Welles' War of the Words


It’s supposedly a well known story. In 1938, Orson Welles and his Mercury Theater radio show decided to jazz things up a bit by doing a modern day rendition of the famous book “War of the Worlds” by H.G. Wells. The book, only forty years old at that point, told the story of a Martian attack on London. Aside from being a pretty heavy analogy on British imperialism, it was also dull as hell. Though lots of different people claim credit for coming up with the idea, it was eventually decided to present the story via a series of fake news casts interrupting a pretend show playing music. By which I mean the cast and crew, shitting their pants over how completely boring the story was going to be, just kind of threw together a cockamamie scheme right before the broadcast began. For the listeners at home, a brief announcement that the upcoming story was completely fiction was followed by 40 uninterrupted minutes of pure lunacy. Through the fake news bulletins, the radio show followed the fictionalized account of a strange cylinder landing near the real town of Grover’s Mill, New Jersey. Eventually the cylinder opens, revealing Martians, who start killing people willy-nilly. The army is sent in, but is defeated, people rush to flee the onslaught, and the Martians attack New York City. All pretty standard science fiction for the day.

Now according to the stories spread about the broadcast, Americans at the time were apparently stupid as shit. Taking the radio broadcast to be real, millions of people across the country panicked. People reportedly fled their homes en masse, running from the coming Martians. Roving bands of armed men roved the streets. Some people became so hysterical that they had heart attacks, while others contemplated suicide in order to end things on their terms. Phones at police stations and newspaper offices rang constantly, and hospital waiting rooms were overwhelmed by people injured in the wild flailing around of society. The newspapers the next day were filled with hundreds of such stories from across the nation. American’s demanded Orson Welles’ head for the stunt, and he was forced to issue an official apology. Today it stands as one of the greatest stories of mass hysteria in American history, which it is, just not in the way you think.

If you haven’t guessed the premise of all this yet, then you might have fallen for such shenanigans if you lived back then. That’s right. It was almost all completely bullshit. To start, not many people actually tuned into the radio show. The Mercury Theater wasn’t that widely listened to of shows. It was in the same time slot as one of the most popular shows on the radio at the time, which starred the ventriloquist Edgar Bergen. That’s right, the most popular radio show of 1938 was a ventriloquist act. I’ll let that sink in for a moment. Okay, back to business. So again, not very many people even listened to the broadcast of War of the Worlds, and even fewer actually panicked. Now that’s not to say that some didn’t. After all, the United States had a population of 130 million people back then, just based on statistics there were bound to be some idiots. There were some reports of panics. For instance, across the nation the occasional person did call in to their local police, newspaper, or radio station to ask if the radio show was real, especially from listeners in New Jersey. As well, in Grover’s Mill, New Jersey, purported center of the invasion, a couple of drunks did go out with rifles and shoot at the town’s water tower. So yeah, there were definitely some idiots out there, but a bunch of idiots out there is pretty different than an entire country freaking the fuck out.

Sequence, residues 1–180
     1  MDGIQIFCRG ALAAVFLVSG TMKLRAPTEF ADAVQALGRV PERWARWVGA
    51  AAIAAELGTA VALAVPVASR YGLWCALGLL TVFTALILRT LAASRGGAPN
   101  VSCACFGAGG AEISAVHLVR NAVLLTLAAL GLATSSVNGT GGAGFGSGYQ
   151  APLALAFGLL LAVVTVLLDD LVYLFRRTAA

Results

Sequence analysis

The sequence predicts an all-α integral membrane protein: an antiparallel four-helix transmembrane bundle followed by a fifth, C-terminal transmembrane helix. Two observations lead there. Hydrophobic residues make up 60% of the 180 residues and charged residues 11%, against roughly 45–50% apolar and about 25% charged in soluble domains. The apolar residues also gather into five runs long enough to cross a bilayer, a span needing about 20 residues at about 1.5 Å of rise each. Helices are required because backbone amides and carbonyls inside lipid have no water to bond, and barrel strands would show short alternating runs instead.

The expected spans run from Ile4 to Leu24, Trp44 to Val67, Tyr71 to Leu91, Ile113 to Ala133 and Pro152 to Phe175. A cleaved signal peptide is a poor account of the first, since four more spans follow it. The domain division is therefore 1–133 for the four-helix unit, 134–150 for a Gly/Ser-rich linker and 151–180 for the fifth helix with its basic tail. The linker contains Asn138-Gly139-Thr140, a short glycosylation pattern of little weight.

This was something that Orson Welles figured out pretty quickly after his initial apology. In interviews afterwards he pretty much said the whole thing was overblown and ridiculous, though later in life he himself did play it up as some grand wide reaching scheme that he cooked up for publicity. According to the newspapers of the day, the panic was proof of how easily the new fangled thing called radio could manipulate the public. In truth, it was actually proof of how easily journalists could do the same, conflating a couple of random reports into a nationwide story. To understand why the newspapers would do such a thing, one only has to understand what was happening within the industry. Newspapers, once the only source for news in the country, were facing increasing competition from radios and movie theater news reels. Readership was declining, which meant advertising revenue was doing the same, and some pundits were predicting the eventual end of newspapers all together. It was pretty much the same as when newspapers print disparaging articles about the internet.

Outside of the newspaper accounts, there exists little to no proof of any kind of panic. A researcher did put together a study in 1940 suggesting millions freaked out, but later critics pointed out that the study was pretty much just made up. As for the newspapers, they kept hammering on the story for about three weeks, with a number of stories bluntly claiming that radio listeners were all mentally deficient, but finally abandoned it to go back to actually reporting on things like the real news. However, by that time the story had reached Adolf Hitler in Germany, who mentioned the so-called panic in one of his speeches as an example of the decadent corruption created by democracy. As for Orson Welles, the whole mess catapulted his career, allowing him to secure funding for a little film called "Citizen Kane”, which became one of the most famous movies in history.